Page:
In 2012, Dr. Reuben received one of the first CMMI Innovations Challenge awards to develop a model program to provide comprehensive, coordinated care for patients with Alzheimer’s Disease and other dementias. In 2014, he was one of three principal investigators to be awarded a multicenter clinical trial (STRIDE) by the Patient-Centered Outcomes Research Institute (PCORI) and the National Institute on Aging (NIA) to reduce serious falls related injuries; it is the largest grant that PCORI has awarded. In addition to his leadership in geriatrics, Dr. Reuben continues to provide primary care for frail older persons, including making house calls.


Scripting Discussions about End of Life Care

Kaiser Health News profiles a program aimed at helping doctors talk to patients about terminal diagnoses. Massachusetts General Hospital in Boston is training hundreds of clinicians to talk early and frankly with patients about terminal prognoses in order to help patients and their families plan more holistically for end of life care. As part of their training, clinicians learn to create a space for patients to talk about their values and goals, as well as to go through the emotional process of receiving a terminal prognosis. In addition to the primary care physicians in the first training cohort Ariadne Labs, VitalTalk and the Center to Advance Palliative Care, the organizations partnering to offer the training, are hoping to train 200 program trainers by 2019.

Mapping the LANscape for Alternative Payment Models

A new brief from State Health and Value Strategies offers a primer on the CMS-funded Health Care Payment Learning and Action Network (LAN) Alternative Payment Models framework. The goal of the brief is to establish a common vernacular for and understanding of the categories of payment models in the framework, including:

  • Fee-for-Service—No Link to Quality and Value;
  • Fee-for-Service—Link to Quality and Value;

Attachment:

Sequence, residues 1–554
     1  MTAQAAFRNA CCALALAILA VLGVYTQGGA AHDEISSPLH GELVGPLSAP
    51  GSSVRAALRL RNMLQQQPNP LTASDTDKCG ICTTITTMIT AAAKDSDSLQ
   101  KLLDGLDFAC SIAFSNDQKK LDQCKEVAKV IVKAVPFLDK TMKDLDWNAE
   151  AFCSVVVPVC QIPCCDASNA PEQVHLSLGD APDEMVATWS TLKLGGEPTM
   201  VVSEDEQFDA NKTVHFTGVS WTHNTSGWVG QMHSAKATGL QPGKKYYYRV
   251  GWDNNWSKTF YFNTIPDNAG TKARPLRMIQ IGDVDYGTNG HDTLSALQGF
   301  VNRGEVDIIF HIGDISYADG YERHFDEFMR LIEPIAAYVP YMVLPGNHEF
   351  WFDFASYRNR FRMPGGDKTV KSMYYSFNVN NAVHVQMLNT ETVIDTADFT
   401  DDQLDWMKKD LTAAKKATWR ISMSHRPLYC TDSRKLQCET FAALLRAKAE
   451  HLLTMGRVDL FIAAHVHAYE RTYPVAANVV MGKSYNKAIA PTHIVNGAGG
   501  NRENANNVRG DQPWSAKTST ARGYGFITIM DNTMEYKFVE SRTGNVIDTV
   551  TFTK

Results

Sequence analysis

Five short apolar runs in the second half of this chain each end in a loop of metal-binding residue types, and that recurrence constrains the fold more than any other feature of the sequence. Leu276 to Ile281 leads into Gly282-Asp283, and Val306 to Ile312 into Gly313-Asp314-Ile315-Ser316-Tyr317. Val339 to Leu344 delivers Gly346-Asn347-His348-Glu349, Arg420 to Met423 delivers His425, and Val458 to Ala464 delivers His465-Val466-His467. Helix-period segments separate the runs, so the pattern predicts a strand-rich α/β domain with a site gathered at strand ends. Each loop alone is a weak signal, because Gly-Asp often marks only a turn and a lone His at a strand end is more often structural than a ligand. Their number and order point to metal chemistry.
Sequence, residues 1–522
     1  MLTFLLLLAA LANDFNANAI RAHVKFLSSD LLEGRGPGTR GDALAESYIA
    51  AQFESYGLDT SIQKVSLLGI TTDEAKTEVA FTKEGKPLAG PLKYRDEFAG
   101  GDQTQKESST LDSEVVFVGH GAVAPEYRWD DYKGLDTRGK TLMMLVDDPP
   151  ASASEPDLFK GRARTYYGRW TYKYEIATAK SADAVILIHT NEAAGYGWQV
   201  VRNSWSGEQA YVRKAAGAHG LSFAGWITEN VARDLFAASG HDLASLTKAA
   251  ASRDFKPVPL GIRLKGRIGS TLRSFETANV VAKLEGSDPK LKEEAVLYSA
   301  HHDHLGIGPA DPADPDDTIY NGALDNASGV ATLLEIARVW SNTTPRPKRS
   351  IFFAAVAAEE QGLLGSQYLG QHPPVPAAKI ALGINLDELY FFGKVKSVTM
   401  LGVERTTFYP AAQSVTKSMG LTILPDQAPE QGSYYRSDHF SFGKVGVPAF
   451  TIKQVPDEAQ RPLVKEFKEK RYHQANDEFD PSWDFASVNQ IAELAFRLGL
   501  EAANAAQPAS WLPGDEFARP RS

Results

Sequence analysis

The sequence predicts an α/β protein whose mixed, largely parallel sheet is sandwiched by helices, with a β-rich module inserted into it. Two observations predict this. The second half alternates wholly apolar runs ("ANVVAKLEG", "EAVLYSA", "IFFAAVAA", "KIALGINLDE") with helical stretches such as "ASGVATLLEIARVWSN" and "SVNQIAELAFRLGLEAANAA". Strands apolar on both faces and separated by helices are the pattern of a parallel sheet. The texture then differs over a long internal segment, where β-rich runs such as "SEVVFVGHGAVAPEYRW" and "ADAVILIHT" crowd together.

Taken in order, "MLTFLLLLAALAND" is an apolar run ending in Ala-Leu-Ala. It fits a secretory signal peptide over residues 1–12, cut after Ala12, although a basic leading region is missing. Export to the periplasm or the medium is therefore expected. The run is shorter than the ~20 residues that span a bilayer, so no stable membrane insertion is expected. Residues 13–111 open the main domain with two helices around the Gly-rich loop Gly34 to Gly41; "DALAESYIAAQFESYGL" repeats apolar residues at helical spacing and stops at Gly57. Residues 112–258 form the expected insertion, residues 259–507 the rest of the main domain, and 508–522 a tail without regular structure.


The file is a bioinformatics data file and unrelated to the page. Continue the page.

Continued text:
• APMs Built on Fee-for-Service Architecture; and
  • Population Based Payment.

In addition, the brief provides real-world examples of each model for advocates and researchers to draw on in their own work.

Social Determinants of Health with a Hip Hop Beat

The Center for Vulnerable Populations at UC San Francisco has teamed up with young poets at Youth Speaks, a local youth development organization, to create a public health campaign focused on social determinants contributing to Type 2 Diabetes. The video campaign, called “The Bigger Picture” features young people in their communities describing conditions of poverty, food scarcity, wage inequality, housing instability and community disinvestment that contribute to higher and growing rates of Type 2 diabetes for low-income youth of color. Campaign organizers are collaborating with youth groups, physicians and public health communications experts, as well as health advocacy organizations, to engage youth in discussing social determinants of health and to challenge traditional assumptions about how families and communities can address risk factors for preventable disease.


New York

The OneCity Health Performing Provider System, which is participating in New York’s Delivery System Reform Incentive Program, has established a $5 million fund to support efforts of its community partners. The application process will be open until March 2. Applicants can apply for funding to design and implement programs to reduce avoidable hospitalizations, improve community health outcomes and address social determinants of health, like housing and food security.

In other news, the New York State Department of Health announced the release of the Health Home Supportive Housing Program Request for Applications. Applicants would be community-based organizations able to provide rental subsidies and non-medical services to homeless Medicaid members participating in state’s Health Home Program.

Finally, New York State Medicaid Director Jason Helgerson has announced that he will leave his position in the Cuomo administration in April. Helgerson, who has directed the state’s Medicaid program for eight years, has had an outsized impact on New York’s efforts to transform its health care system overall, and particularly on the Medicaid program.  He has led the effort to lower spending per Medicaid beneficiary in the state by pursuing strategies that seek to improve care and address the social and economic determinants of health. “Jason Helgerson’s vision has transformed Medicaid in New York state,” said Becca Telzak, Director of Health Programs at Make the Road New York. “His departure marks a big change, and whoever replaces him will have big shoes to fill.”